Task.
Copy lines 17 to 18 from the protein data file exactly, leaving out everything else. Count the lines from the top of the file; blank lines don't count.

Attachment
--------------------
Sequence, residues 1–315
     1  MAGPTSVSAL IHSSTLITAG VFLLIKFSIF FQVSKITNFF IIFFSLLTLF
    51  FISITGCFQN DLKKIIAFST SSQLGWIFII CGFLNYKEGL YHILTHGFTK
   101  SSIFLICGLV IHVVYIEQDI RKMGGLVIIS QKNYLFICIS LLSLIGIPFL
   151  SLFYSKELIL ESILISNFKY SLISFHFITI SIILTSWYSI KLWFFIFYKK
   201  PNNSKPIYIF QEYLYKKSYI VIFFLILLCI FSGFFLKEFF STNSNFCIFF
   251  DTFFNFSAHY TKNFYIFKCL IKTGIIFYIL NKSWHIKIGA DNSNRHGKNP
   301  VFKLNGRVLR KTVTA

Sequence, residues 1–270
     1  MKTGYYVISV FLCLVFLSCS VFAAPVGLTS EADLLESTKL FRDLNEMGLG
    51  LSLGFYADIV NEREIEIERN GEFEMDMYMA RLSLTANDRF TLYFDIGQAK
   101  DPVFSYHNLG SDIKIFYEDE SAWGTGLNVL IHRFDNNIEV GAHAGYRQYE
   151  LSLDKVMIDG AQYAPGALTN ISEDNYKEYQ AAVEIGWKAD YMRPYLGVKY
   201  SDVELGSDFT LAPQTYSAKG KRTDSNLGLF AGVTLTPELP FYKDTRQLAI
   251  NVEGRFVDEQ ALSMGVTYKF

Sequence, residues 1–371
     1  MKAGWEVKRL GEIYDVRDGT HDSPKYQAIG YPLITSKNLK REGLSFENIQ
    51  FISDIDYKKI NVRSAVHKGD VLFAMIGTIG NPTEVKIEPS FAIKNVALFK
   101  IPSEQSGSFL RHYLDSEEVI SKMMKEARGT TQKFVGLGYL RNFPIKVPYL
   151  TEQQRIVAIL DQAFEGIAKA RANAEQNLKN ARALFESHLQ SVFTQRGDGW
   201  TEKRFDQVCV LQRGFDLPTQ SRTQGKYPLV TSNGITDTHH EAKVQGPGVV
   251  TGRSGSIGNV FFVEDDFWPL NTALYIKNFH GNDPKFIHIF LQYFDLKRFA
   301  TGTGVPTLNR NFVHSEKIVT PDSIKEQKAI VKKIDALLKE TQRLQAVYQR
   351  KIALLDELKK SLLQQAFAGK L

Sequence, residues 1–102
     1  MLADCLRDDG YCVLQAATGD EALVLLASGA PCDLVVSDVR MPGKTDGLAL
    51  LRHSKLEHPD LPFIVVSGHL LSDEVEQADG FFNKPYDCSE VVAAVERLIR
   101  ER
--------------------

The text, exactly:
     1  MKAGWEVKRL GEIYDVRDGT HDSPKYQAIG YPLITSKNLK REGLSFENIQ
    51  FISDIDYKKI NVRSAVHKGD VLFAMIGTIG NPTEVKIEPS FAIKNVALFK